Mississippi: Population helping drive climate change concerns

 

PAUL SIMS | Starkville Daily News

Population is one factor driving global climate change concerns, a Mississippi State University professor said Monday.  Dr. Roger King, a William L. Giles Distinguished professor and director of MSU’s Center for Advanced Vehicular Systems, spoke to Starkville Rotarians today from his background as chief technologist for Earth Science Applications with the National Aeronautics and Space Administration.  King cited statistics which showed that in mid-2003, some 6.2 billion people inhabited the planet and the United States had about 290 million residents. As of Friday, the global population figure stood at approximately 6.7 billion and the U.S. number was about 305 million.
The global population increase over roughly the last five years is about 474.1 million. Projections show that by 2025, some 8 billion people will live on the Earth.  “According to the Intergovernmental Panel on Climate Change, scientific evidence confirms that human activities are a discernible cause of a substantial part of the warming experienced over the 20th century. New studies indicate that temperatures in recent decades are higher than at any time in at least the past 1,000 years. It is very unlikely that these unusually high temperatures can be explained solely by natural climate variations,” the report entitled “Climate Change Impacts on the United States” from 2000 reads.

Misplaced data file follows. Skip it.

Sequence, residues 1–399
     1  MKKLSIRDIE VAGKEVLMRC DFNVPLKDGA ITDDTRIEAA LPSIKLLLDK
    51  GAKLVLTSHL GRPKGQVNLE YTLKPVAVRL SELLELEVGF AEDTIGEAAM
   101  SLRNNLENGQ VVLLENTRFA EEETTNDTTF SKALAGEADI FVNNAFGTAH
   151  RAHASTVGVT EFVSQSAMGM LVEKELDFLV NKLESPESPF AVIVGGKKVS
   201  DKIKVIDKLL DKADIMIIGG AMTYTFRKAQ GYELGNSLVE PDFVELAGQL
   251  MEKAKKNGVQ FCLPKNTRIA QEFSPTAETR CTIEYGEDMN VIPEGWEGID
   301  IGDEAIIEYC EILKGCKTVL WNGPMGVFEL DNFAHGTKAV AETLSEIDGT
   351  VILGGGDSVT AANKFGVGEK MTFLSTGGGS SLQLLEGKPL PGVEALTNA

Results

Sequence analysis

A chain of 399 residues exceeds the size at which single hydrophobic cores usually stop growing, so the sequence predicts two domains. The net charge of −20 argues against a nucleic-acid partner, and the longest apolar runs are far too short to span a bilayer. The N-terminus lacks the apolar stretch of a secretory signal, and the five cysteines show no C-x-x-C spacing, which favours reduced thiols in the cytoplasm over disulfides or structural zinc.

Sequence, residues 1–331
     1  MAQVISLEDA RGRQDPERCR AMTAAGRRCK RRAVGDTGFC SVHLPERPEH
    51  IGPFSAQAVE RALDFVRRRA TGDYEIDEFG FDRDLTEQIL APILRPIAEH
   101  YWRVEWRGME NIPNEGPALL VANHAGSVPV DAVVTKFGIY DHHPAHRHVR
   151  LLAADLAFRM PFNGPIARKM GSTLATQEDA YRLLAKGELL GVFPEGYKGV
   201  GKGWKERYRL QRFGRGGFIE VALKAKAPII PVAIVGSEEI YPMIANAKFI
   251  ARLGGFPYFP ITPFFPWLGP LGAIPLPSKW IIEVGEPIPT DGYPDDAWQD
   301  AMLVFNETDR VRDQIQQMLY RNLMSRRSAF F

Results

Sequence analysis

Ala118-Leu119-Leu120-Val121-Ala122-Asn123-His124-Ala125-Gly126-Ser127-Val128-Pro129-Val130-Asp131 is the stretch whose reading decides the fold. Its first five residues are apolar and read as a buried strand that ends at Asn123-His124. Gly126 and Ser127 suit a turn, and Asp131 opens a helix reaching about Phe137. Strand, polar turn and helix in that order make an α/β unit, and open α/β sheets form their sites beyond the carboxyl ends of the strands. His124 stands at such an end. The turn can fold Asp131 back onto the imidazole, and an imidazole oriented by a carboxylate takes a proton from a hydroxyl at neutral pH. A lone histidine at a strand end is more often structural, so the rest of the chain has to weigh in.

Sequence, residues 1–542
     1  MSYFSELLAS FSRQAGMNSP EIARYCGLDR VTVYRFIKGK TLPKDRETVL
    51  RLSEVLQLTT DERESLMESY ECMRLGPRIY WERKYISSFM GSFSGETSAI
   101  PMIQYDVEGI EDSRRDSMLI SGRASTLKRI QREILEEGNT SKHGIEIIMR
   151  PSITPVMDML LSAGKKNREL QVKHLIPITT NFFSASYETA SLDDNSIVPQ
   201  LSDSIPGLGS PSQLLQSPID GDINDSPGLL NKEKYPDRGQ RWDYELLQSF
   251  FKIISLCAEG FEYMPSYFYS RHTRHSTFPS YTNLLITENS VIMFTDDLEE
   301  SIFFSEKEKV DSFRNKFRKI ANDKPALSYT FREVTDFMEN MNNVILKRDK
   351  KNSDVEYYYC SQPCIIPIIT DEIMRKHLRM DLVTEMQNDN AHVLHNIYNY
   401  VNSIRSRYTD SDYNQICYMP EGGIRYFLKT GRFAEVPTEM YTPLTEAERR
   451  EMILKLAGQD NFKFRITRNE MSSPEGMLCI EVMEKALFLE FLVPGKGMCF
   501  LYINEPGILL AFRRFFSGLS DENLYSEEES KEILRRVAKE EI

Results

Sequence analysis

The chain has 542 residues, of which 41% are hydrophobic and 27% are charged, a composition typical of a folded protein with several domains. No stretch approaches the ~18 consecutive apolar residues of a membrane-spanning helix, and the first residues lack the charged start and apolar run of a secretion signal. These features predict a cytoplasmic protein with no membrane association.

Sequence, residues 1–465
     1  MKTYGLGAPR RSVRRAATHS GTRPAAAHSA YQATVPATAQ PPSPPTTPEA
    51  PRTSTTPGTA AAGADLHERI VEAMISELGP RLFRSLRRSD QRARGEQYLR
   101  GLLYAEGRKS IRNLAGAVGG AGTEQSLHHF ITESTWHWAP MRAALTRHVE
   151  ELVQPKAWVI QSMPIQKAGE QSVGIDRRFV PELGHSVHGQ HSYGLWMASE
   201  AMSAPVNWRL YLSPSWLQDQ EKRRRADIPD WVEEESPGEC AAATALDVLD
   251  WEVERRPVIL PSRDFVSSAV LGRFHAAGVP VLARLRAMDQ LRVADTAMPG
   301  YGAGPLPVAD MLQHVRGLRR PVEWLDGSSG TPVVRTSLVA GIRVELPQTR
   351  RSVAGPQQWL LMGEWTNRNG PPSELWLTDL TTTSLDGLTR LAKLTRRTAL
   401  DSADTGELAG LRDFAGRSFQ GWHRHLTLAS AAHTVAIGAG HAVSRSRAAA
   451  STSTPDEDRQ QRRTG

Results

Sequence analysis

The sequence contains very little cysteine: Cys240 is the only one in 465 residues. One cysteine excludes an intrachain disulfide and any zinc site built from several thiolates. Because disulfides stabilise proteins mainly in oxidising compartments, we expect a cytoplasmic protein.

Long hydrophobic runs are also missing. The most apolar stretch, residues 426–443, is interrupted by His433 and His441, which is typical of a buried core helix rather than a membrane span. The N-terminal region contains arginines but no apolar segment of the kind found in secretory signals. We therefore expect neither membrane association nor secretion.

Other documents and information on the subject of global climate change can be found through http://www.climatescience.gov/.
One point King made about the greenhouse effect is that “if it didn’t exist, we wouldn’t exist,” he said. If greenhouse gases were not in place, the planet could not capture heat, King said.   “The plant has got to warm up or we can’t live,” he said.  “It’s very much a system,” he said and noted that it’s important to monitor what happens in systems.  King noted that 2007 was the eighth warmest year on record and ice mass in at least one location is changing.  “It’s a very challenging thing to look at this,” he said.

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